This Malaysian ingredient I can only describe as heavenly, and I guarantee you that the flavor possibilities it opens will change the way that your mouth thinks about food.
‘Just’ a Sauce… Ha!
A very simple combination of fish meat (anchovy) and salt, similar types of dip to this are common in nearly every country in all of South East Asia.
Honestly my saliva glands are working overtime right now, even as I write this from home – the memories of Budu sauce are still so fresh on my tongue.
Southern Thai Style: Budu is also eaten in Southern Thailand, but I must admit, I think the Malay version has won me over. This is one ingredient that I’m willing to smuggle home in my carry-on, and you do not want to leave Malaysia without having a full-on experience of your own with this most glorious combo of condiments.
How to Eat with Budu
Grab one of those pre-made mix plates (the budu sauce, chilies, slices of mango, and a wedge of lime) and stir for yourself a magic potion – the final addition being a scoop of fermented durian.
Mix it up, and spoon some onto your rice. Grab a hunk of meat from the grilled fish, and mash the fish meat ever so slightly with your fingers (this makes it easier to pick up, but watch out for its bony back section). Moving in gently, press together with your fingers, swoop towards your mouth, and elevate your tastebuds to temporary paradise.
Every bite is always up to you… but when in such close proximity to magic, I think its mandatory to make sure everything on the table goes with at least one healthy dose of pungent, delicious, Malaysian budu.
The final step is to mix Budu with Tempoyak
Our worlds were rocking while having Tempoyak for the first time, just a few days before our visit to Kelantan… but that was just Tempoyak on its own! Little did we know, locals here in Kelantan delight in mixing Tempoyak with budu, and then adding in fresh home-grown entire chili peppers!*
Its unbelievable, it is Flavor Overload Level 10, this is a taste that the whole world needs to know about.
Get Your Probiotics!
Not only is Budu sauce delicious, its even healthy for you! Eaten centuries before the current probiotic health-food trends sweeping the Western world (fermenting drinks using kefir grains, kombucha, etc.), Malaysia’s Budu sauce is full of amazing, halophilic bacteria cultures.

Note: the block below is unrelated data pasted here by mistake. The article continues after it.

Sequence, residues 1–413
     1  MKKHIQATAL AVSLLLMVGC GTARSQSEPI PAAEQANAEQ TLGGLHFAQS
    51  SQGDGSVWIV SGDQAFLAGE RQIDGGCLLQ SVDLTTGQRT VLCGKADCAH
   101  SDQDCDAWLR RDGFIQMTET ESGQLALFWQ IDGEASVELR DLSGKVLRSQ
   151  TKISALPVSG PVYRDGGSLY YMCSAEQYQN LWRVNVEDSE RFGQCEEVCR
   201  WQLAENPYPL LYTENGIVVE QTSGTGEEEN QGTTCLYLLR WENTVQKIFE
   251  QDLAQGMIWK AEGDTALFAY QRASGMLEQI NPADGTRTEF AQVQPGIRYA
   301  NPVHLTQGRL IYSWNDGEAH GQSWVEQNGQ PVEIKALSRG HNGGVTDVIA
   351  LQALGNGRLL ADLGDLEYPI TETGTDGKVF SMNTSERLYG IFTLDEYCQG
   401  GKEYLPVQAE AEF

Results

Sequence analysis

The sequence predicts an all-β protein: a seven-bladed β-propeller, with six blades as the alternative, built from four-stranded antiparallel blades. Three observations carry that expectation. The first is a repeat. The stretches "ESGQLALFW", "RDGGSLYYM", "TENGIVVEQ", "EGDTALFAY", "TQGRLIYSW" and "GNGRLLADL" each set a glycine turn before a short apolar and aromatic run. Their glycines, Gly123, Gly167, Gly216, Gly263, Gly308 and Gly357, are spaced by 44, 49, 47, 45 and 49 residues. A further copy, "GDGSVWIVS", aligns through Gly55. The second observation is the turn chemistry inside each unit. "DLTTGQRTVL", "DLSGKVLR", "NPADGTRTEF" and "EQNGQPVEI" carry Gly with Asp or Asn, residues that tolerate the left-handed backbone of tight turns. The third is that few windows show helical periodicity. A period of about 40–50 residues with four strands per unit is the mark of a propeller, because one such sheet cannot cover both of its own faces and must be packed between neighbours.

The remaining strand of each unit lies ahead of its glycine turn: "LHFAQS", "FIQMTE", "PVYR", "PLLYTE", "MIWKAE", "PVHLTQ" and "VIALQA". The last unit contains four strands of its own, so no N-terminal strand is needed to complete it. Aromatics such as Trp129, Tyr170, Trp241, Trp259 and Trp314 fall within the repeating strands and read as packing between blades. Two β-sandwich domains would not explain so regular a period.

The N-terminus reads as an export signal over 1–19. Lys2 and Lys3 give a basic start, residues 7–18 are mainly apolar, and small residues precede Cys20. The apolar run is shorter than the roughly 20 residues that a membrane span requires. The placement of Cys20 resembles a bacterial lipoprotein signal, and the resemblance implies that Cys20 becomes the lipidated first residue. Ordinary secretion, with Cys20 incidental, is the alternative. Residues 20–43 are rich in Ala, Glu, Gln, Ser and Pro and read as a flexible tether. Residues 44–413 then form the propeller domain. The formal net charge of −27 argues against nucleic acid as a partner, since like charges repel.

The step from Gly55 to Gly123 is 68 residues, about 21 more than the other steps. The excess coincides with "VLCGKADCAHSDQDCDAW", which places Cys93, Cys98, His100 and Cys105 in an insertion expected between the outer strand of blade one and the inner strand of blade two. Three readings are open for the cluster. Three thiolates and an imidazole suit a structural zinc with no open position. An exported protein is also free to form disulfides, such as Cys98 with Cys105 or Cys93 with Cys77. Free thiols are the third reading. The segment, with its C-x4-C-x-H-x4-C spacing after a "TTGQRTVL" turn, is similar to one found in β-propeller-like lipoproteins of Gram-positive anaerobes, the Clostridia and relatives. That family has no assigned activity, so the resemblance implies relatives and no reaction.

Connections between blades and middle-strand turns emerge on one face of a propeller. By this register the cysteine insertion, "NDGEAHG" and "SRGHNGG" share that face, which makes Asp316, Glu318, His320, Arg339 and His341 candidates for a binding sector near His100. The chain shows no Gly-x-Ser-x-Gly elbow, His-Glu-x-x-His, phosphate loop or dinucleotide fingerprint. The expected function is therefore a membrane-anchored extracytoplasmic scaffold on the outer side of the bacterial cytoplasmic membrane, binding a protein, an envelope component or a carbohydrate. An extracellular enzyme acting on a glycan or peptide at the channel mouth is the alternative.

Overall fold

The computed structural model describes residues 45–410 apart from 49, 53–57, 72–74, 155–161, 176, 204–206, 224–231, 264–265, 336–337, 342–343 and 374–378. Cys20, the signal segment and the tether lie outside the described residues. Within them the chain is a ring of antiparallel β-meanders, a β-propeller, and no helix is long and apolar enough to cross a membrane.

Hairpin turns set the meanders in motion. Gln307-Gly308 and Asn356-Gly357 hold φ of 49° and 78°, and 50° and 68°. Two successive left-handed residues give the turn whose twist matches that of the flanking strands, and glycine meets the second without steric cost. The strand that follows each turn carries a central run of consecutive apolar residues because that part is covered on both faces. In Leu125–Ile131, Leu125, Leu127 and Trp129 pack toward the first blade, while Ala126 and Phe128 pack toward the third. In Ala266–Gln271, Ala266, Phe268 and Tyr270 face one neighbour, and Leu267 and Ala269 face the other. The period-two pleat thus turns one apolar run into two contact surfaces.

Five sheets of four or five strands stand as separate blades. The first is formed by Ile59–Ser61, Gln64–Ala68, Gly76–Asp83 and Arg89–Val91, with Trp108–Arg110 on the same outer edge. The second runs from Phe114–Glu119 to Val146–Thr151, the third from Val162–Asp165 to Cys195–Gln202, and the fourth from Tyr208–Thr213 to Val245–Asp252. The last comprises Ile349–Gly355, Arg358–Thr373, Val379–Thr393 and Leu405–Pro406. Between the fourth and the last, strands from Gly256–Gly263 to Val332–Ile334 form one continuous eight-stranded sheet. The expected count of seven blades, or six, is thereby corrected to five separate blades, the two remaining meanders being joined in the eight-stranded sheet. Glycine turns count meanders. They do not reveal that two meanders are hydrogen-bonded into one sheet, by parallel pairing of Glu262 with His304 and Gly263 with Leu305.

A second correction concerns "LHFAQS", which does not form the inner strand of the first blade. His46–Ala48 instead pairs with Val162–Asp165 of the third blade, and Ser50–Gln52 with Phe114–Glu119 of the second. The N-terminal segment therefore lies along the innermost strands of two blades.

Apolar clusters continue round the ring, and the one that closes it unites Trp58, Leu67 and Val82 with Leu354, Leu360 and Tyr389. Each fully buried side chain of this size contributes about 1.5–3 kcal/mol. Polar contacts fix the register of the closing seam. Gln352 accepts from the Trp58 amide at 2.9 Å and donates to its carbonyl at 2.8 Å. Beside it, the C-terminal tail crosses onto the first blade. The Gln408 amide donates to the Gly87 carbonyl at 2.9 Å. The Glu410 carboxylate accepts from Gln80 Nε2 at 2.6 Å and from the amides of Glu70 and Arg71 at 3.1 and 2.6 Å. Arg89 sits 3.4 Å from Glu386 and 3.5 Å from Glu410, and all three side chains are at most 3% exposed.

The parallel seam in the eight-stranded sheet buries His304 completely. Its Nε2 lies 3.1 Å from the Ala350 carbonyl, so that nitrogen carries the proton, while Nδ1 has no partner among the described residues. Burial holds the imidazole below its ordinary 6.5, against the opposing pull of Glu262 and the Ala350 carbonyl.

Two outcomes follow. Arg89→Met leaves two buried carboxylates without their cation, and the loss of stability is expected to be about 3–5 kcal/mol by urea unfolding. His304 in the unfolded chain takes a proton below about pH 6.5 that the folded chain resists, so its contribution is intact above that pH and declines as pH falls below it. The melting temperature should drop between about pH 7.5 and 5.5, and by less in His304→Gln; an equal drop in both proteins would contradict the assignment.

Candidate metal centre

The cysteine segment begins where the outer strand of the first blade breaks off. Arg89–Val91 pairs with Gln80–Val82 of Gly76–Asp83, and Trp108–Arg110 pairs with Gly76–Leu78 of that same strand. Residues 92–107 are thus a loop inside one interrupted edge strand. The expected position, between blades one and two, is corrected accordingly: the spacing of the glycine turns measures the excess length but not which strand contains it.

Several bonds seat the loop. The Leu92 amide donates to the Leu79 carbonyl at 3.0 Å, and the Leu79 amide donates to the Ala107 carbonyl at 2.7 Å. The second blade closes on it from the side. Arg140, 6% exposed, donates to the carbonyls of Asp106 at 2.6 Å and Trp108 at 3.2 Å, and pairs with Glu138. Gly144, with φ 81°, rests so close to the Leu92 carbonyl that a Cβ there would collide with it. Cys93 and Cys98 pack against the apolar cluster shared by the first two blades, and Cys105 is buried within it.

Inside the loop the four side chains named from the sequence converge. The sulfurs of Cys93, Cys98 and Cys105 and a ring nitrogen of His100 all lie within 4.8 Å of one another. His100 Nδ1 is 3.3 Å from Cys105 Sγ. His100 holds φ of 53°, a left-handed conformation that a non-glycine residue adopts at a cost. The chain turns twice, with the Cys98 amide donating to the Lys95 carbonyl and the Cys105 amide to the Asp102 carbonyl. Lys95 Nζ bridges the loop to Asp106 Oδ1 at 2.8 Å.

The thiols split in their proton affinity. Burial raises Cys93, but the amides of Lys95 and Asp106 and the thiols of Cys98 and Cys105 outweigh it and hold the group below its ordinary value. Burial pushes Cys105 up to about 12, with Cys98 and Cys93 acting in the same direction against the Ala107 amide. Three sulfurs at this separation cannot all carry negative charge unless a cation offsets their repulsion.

I won’t go into the details (you can read more here), but just know that the chefs controlling this fermentation target very specific salt-fish-palm-sugar-to-tamarind ratios. They want to get just the perfect environment for these bacteria to thrive… and I support these tasty goals 100%.
Note*: People also do this in Terangganu (bordering state of Kelantan), but their ratio is heavier on the Tempoyak, whereas it seems that Kelantan goes heavier on the salty Budu (both ways are perfect).
Best Things About Malaysia
One of the best things about food in Kelantan is how local recipes uniquely combine the jungle ingredients and spice-loving style of central Malay cooking with teeming amounts of seafood from Malaysia’s northern shores.
A visit to Kelantan will take you about half a day’s journey away from the more well-known, well-traveled parts of Malaysia, and one of the best parts about this is that you have the same food-love, the same flavor addiction shared throughout this amazing country of Malaysia!
Thank you for reading this article, and I hope you enjoy several more articles on this website – we have content from our entire trip around this amazing country of Malaysia, and enough photos to guarantee (even for ourselves) that the ‘next trip to Malaysia’ is always just around the corner!
Much love, thanks for reading!
Name: D’Umi Nasi Ulam
Location: (Google Maps)
Hours: 10am to 5am (yes, late night hours! but they are Closed on Fridays)
Prices: The owners here are so incredibly kind, giving us this meal complimentary (when you visit, expect to pay around 15-20RM per person when having a full lunch like the one you see in these photos)